Where do they stand now?
I recently read a contributing writer to the Times writing about the new Hall County Administrator saying, “The lone objector on the commission was Craig Lutz who appears to oppose any appointment he didn’t recommend, including some district appointments made by other commissioners. Maybe now county government will settle down and go about business.” I hadn’t remembered Lutz voting against anyone else’s appointment, so I felt like I should go through the minutes to see. I looked at all the votes through June 23rd and confirmed that Lutz had not voted against anyone’s appointment, however, I did notice where Commissioner Powell voted against one of Lutz’s appointments.
We have never thought much of the Times, so I guess we should come to expect sloppy work. But it does have me wondering where the commission now stands on their votes as compared to when we looked back in March. Through June 23rd, the commissioners have met 12 times. They have voted on a total of 233 items. 197 items have been unanimous at the rate of 84.5%. This is actually a little higher (80%) than the last time we looked.
The island votes (where you are stuck by yourself on an island) are now tracking at 7.3% which is slightly higher (6%) than before. Of the 16 island votes, Commissioner Lutz has 6, Commissioner Powell has 5, Commissioner Bell has 2, the Chairman has 2 and Commissioner Gibbs has 1. I am not sure how to interpret the island votes, but to say that all of Commissioner Powell’s occurred on or before March 10 and the Chairman’s both had to do with trash. Five Commissioner Lutz’s occurred on or between 3/24 and 4/25. It almost looks like there is an interesting dynamic. The thought the Gibbs has only been on an island once (SM&F to represent the Sheriff) is odd and may show that he is the true swing vote.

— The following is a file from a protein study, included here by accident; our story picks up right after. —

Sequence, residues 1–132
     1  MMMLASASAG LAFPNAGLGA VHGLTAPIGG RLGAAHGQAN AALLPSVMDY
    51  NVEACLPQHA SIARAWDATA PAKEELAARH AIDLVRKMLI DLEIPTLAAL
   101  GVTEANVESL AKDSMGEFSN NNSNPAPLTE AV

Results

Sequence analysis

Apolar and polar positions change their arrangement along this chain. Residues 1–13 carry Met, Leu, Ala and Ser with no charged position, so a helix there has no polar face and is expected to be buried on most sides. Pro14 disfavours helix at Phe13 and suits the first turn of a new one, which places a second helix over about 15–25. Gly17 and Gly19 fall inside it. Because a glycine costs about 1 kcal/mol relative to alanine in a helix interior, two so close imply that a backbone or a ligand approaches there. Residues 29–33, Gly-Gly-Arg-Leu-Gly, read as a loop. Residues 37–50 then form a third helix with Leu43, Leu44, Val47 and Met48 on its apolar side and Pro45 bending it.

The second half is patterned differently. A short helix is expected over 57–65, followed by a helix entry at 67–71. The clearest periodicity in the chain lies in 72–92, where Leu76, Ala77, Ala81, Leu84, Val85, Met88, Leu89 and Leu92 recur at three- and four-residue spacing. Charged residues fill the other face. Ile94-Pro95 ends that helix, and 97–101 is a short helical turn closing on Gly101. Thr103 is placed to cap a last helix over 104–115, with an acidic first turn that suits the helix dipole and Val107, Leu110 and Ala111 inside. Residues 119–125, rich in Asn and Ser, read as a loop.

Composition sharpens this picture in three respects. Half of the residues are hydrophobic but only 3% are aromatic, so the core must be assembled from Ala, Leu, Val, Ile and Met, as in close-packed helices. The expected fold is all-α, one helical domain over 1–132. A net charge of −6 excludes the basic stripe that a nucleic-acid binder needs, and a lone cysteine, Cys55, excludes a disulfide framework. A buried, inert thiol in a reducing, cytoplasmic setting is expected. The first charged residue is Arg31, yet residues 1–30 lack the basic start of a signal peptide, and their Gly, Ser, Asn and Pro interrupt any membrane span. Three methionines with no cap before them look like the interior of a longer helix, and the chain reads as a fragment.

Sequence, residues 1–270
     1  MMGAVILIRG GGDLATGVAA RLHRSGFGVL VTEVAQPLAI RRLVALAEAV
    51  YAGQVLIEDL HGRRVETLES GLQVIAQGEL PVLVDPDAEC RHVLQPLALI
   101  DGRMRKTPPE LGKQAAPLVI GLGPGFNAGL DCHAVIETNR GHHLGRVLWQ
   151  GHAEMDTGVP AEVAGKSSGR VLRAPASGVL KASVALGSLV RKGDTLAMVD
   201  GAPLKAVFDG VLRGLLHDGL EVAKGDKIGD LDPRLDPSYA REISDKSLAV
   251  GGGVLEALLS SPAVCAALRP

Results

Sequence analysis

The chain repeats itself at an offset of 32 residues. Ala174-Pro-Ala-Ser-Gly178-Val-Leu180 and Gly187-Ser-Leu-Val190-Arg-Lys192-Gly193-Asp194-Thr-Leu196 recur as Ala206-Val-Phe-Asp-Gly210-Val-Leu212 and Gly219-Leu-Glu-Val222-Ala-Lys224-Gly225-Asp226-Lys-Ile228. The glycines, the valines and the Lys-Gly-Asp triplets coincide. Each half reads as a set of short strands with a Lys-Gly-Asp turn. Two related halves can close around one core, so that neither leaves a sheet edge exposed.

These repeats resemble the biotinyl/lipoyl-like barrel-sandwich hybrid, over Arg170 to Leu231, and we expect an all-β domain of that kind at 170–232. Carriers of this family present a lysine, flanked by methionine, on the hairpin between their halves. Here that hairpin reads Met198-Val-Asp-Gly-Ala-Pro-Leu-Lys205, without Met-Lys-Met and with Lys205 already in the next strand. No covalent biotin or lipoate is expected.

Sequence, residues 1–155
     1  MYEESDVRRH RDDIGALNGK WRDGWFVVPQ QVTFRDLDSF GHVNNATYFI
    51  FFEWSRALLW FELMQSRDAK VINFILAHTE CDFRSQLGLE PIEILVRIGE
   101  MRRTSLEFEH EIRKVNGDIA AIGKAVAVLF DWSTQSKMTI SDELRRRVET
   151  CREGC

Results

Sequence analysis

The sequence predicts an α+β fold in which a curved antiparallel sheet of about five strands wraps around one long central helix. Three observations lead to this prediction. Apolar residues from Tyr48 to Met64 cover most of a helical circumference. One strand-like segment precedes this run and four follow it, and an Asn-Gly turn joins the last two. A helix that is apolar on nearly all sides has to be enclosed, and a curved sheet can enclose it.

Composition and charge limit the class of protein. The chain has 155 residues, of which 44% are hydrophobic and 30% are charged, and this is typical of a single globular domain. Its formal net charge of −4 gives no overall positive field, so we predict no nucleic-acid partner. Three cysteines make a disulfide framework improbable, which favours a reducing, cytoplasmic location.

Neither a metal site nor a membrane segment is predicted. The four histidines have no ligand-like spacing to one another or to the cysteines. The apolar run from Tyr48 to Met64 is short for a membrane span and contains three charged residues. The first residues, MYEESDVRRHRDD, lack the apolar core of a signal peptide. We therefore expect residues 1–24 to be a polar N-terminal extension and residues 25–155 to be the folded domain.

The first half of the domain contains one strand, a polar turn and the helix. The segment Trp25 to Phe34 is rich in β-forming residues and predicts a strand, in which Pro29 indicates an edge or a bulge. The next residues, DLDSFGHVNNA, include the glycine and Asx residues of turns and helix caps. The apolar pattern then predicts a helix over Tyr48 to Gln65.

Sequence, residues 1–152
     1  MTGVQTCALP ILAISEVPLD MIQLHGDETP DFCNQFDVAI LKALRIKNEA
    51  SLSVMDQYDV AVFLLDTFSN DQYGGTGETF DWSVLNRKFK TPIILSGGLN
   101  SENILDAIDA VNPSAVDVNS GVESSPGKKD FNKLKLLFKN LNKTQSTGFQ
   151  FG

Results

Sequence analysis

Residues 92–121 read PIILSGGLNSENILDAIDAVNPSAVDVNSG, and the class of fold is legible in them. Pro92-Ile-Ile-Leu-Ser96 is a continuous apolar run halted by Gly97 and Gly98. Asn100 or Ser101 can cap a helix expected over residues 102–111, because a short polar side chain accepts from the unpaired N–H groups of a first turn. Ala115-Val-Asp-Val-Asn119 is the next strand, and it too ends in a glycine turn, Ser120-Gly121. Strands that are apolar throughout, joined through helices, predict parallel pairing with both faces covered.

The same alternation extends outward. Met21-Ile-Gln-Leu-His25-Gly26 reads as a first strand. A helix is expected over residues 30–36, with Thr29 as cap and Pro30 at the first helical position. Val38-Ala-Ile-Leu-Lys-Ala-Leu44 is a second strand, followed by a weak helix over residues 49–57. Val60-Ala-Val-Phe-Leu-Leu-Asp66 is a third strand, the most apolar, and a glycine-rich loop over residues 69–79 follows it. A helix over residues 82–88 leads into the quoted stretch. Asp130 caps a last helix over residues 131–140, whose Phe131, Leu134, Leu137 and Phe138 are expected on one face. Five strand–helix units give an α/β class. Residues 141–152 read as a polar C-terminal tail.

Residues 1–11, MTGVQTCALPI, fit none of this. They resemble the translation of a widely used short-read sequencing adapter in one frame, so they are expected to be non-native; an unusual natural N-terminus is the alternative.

I remember in Commissioner Lutz’s campaign he made a lot of noise about how often the incumbent voted with the Chairman. Here is the breakdown of votes with the Chairman (Abstentions and Absences were excluded):
You can certainly tell that Commissioner Powell and the Chairman are the most alike sharing the wins or loses together at a 97% clip, and I would have figured that Lutz and the Chairman would be the furthest apart. It is the consent agenda that brings the commissioners together. Out of the 234 items that have been voted on, 149 have been on the consent agendas (63.7%). If we take out the consent items, then the numbers will jump out more:
I think we can say that the voting block between the Chairman and Powell looks to be bullet proof. If you look at the motions that were not on the consent agenda that have passed, you might be able to gauge the effectiveness of the commissioners:
This can mean a couple of things: Bell and Gibbs are more likely to go across the aisle or maybe Powell just likes to make some sort of point. Time will tell if Bell and Gibbs have done what is right for their constituencies or if there is another motivation. Either way, just remember that statistics lie and statisticians are damn liars.
Hugh Hall County Akston